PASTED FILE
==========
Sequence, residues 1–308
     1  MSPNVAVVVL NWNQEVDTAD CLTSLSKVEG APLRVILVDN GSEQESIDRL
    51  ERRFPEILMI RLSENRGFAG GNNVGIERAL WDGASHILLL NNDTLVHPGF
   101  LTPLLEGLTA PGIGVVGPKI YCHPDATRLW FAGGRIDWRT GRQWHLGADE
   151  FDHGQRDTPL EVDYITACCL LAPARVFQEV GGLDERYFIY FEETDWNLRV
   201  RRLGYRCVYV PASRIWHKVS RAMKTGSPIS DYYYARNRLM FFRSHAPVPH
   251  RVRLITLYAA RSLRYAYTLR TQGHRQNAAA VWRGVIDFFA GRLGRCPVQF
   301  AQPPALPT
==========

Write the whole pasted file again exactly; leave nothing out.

Sequence, residues 1–308
     1  MSPNVAVVVL NWNQEVDTAD CLTSLSKVEG APLRVILVDN GSEQESIDRL
    51  ERRFPEILMI RLSENRGFAG GNNVGIERAL WDGASHILLL NNDTLVHPGF
   101  LTPLLEGLTA PGIGVVGPKI YCHPDATRLW FAGGRIDWRT GRQWHLGADE
   151  FDHGQRDTPL EVDYITACCL LAPARVFQEV GGLDERYFIY FEETDWNLRV
   201  RRLGYRCVYV PASRIWHKVS RAMKTGSPIS DYYYARNRLM FFRSHAPVPH
   251  RVRLITLYAA RSLRYAYTLR TQGHRQNAAA VWRGVIDFFA GRLGRCPVQF
   301  AQPPALPT